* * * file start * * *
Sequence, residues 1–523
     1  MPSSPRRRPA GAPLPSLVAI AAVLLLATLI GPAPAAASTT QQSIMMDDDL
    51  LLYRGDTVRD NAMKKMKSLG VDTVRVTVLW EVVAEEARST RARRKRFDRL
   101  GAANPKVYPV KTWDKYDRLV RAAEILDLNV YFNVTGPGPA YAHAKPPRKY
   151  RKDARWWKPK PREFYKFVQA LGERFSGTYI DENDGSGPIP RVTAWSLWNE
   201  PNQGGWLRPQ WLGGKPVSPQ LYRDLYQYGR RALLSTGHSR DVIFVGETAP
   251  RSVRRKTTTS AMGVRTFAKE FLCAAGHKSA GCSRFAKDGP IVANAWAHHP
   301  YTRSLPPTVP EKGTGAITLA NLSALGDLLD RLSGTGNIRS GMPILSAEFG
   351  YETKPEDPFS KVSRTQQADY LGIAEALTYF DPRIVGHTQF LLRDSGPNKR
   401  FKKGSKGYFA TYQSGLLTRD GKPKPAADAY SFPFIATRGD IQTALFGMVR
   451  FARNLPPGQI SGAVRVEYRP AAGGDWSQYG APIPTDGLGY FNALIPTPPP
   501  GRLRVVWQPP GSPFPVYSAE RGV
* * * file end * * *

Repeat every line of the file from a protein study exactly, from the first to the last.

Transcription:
Sequence, residues 1–523
     1  MPSSPRRRPA GAPLPSLVAI AAVLLLATLI GPAPAAASTT QQSIMMDDDL
    51  LLYRGDTVRD NAMKKMKSLG VDTVRVTVLW EVVAEEARST RARRKRFDRL
   101  GAANPKVYPV KTWDKYDRLV RAAEILDLNV YFNVTGPGPA YAHAKPPRKY
   151  RKDARWWKPK PREFYKFVQA LGERFSGTYI DENDGSGPIP RVTAWSLWNE
   201  PNQGGWLRPQ WLGGKPVSPQ LYRDLYQYGR RALLSTGHSR DVIFVGETAP
   251  RSVRRKTTTS AMGVRTFAKE FLCAAGHKSA GCSRFAKDGP IVANAWAHHP
   301  YTRSLPPTVP EKGTGAITLA NLSALGDLLD RLSGTGNIRS GMPILSAEFG
   351  YETKPEDPFS KVSRTQQADY LGIAEALTYF DPRIVGHTQF LLRDSGPNKR
   401  FKKGSKGYFA TYQSGLLTRD GKPKPAADAY SFPFIATRGD IQTALFGMVR
   451  FARNLPPGQI SGAVRVEYRP AAGGDWSQYG APIPTDGLGY FNALIPTPPP
   501  GRLRVVWQPP GSPFPVYSAE RGV